Yearlong ordeal

Ringer, 39, was scheduled to begin her first shift working for an Easthampton cab company on March 2, 2017. She never arrived.

Reidy reported her missing two days later, touching off a wide-ranging investigation.

Police soon learned Reilly had previously been in a relationship with Reidy, and that she may have information relevant to the investigation.

Reilly told police she received a message March 2 from Reidy, who asked her to meet him in Northampton. Reilly said she did that, and the two of them each drove separate vehicles back to Reidy’s home in Clarksburg. However, the investigation, including images culled from surveillance cameras throughout the area, showed that Reilly drove Reidy back to Clarksburg in her car.

Reilly also lied when she told police she did not see Reidy on March 3, when, in fact, she had.

The nearly yearlong search, and lack of closure in the case, deeply affected Ringer’s family and friends, Harrington said.

“If Laura Reilly told the truth about driving Reidy home on the day he reported Ringer missing and spending time with him the day after, police could have questioned Reidy about the killing prior to him committing suicide,” she said. “I offer my condolences to Ms. Ringer’s loved ones, and we hope that this plea and sentence gives them some measure of comfort.”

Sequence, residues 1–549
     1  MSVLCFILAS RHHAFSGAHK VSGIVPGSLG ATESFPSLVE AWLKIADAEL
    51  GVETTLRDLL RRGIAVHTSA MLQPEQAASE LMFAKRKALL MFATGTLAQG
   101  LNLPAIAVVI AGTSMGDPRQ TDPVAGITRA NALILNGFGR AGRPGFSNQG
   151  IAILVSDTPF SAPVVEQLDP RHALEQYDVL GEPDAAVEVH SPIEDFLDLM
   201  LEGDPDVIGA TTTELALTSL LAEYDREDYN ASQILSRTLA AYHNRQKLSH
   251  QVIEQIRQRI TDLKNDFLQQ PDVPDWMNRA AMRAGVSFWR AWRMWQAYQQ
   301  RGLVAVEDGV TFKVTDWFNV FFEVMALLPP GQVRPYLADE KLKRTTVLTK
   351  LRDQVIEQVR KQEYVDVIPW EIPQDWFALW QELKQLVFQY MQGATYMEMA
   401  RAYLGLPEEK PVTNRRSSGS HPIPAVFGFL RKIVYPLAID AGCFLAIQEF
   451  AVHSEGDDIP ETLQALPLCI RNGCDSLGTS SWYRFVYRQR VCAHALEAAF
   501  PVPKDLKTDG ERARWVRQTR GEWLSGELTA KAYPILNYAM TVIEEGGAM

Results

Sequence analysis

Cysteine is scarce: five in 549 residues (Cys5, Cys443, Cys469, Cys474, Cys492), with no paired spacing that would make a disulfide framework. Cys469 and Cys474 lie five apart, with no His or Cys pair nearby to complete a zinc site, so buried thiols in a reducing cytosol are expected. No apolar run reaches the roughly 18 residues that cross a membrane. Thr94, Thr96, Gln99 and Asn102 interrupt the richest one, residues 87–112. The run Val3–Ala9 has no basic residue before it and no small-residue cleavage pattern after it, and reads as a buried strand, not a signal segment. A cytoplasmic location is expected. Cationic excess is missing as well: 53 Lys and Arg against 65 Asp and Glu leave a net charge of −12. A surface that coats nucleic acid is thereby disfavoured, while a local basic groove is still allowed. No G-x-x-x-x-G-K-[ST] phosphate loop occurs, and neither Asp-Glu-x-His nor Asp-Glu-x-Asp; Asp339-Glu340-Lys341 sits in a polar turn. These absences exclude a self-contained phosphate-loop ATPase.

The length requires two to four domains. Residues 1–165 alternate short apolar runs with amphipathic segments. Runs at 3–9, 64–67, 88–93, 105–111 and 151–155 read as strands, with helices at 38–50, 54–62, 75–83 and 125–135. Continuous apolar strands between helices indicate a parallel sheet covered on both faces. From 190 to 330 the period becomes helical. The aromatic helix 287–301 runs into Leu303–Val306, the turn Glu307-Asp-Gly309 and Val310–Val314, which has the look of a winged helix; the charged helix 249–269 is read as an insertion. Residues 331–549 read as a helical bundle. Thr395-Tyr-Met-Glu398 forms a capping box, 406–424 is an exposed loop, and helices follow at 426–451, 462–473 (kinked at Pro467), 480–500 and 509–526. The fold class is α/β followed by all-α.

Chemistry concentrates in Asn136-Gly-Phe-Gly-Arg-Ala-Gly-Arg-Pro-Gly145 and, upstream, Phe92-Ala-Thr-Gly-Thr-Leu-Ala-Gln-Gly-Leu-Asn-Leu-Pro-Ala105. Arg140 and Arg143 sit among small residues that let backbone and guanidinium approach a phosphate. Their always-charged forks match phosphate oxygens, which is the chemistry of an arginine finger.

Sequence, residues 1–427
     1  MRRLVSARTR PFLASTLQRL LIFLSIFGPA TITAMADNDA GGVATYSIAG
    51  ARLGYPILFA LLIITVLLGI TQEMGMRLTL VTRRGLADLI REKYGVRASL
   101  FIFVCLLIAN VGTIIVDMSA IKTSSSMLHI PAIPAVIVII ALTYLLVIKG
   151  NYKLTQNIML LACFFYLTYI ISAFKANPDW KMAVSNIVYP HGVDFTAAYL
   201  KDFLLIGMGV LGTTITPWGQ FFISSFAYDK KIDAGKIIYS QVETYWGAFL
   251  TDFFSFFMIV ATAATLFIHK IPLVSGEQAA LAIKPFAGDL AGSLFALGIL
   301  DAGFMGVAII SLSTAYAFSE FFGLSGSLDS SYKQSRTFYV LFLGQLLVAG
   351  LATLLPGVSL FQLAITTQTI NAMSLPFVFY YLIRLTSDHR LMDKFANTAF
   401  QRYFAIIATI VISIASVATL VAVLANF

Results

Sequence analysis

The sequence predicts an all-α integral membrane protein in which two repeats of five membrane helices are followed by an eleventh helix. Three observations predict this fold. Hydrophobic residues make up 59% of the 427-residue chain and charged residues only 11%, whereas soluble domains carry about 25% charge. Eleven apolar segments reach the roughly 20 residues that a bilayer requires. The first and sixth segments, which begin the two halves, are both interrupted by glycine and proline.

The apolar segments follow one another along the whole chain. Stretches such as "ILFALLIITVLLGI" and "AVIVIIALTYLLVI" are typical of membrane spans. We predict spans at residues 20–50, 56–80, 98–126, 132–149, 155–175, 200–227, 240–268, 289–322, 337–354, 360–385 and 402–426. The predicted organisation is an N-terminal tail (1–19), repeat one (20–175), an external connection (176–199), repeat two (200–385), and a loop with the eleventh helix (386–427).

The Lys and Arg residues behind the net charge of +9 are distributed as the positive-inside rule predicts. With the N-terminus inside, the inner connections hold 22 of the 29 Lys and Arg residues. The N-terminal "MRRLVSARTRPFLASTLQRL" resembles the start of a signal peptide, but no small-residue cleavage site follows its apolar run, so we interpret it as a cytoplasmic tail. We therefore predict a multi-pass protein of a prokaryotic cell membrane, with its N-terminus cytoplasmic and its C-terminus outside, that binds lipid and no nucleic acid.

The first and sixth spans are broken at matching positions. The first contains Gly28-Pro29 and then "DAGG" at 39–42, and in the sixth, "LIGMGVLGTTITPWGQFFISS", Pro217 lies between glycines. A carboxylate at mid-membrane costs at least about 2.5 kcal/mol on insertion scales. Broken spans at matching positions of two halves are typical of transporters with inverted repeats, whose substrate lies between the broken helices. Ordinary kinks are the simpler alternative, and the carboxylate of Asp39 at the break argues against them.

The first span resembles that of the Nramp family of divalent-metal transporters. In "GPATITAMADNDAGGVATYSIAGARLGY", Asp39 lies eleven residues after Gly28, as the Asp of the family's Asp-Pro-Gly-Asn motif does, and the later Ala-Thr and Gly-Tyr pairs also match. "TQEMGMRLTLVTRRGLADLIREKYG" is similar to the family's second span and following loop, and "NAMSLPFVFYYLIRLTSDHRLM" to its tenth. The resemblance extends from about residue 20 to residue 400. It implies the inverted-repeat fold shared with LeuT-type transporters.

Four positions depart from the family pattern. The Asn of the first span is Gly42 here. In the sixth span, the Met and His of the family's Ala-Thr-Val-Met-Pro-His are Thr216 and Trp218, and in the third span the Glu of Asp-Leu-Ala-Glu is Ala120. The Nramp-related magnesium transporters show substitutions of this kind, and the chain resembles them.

Ringer’s disappearance sparked an outpouring of support. Family and friends took to social media, organized events, put up posters and circulated hashtags like #JusticeForJo and #BringJoHome to raise awareness of the case.

Adams, the defense attorney, said his client takes full responsibility, and was deeply remorseful for her actions.

He said Reilly’s love for Reidy bordered on reverence and she would do the things he asked almost reflexively with “unthinking devotion.”

Reilly’s devotion to Reidy clouded her judgment, Adams said, and led her to not suspect any wrongdoing from Reidy and compelled her to lie to police on his behalf.

He based his sentence recommendation on Reilly’s lack of record, the fact these were nonviolent crimes and the unique circumstances — it would be the type of crime she would be unlikely to repeat.

Adams disputed the notion that Reilly’s information allowed Reidy to evade police, and he said a sentence of probation would still be a restriction on her liberty in that she would be a convicted felon.

Adams also spoke about the toll the charges and case had taken on Reilly herself, including death threats and public shaming delivered via social media.

Judge Agostini described Reilly’s actions as a thoughtful plan, rather than an off-the-cuff false statement to police, and sentenced her to two to four years in prison.

He said the public itself was a victim in this case to a large degree, because of the large number of people across two counties who were impacted by Ringer’s homicide, all of whom were waiting for word whether or not she would be found and what had happened to her.

“It was not just police that were misled,” he said. “It was all of us.”